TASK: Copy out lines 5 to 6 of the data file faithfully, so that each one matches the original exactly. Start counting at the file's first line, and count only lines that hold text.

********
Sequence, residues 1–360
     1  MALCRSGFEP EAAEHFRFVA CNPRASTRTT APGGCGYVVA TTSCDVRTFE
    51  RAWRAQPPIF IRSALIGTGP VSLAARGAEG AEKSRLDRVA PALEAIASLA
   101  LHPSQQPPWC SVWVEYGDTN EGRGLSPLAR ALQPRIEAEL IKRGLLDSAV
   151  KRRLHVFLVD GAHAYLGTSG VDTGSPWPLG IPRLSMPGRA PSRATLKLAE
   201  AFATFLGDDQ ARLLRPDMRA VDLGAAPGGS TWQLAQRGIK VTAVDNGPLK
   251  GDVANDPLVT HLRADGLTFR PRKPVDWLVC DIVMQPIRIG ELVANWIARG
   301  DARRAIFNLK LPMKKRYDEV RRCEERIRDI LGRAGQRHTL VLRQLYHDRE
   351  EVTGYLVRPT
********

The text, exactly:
   151  KRRLHVFLVD GAHAYLGTSG VDTGSPWPLG IPRLSMPGRA PSRATLKLAE
   201  AFATFLGDDQ ARLLRPDMRA VDLGAAPGGS TWQLAQRGIK VTAVDNGPLK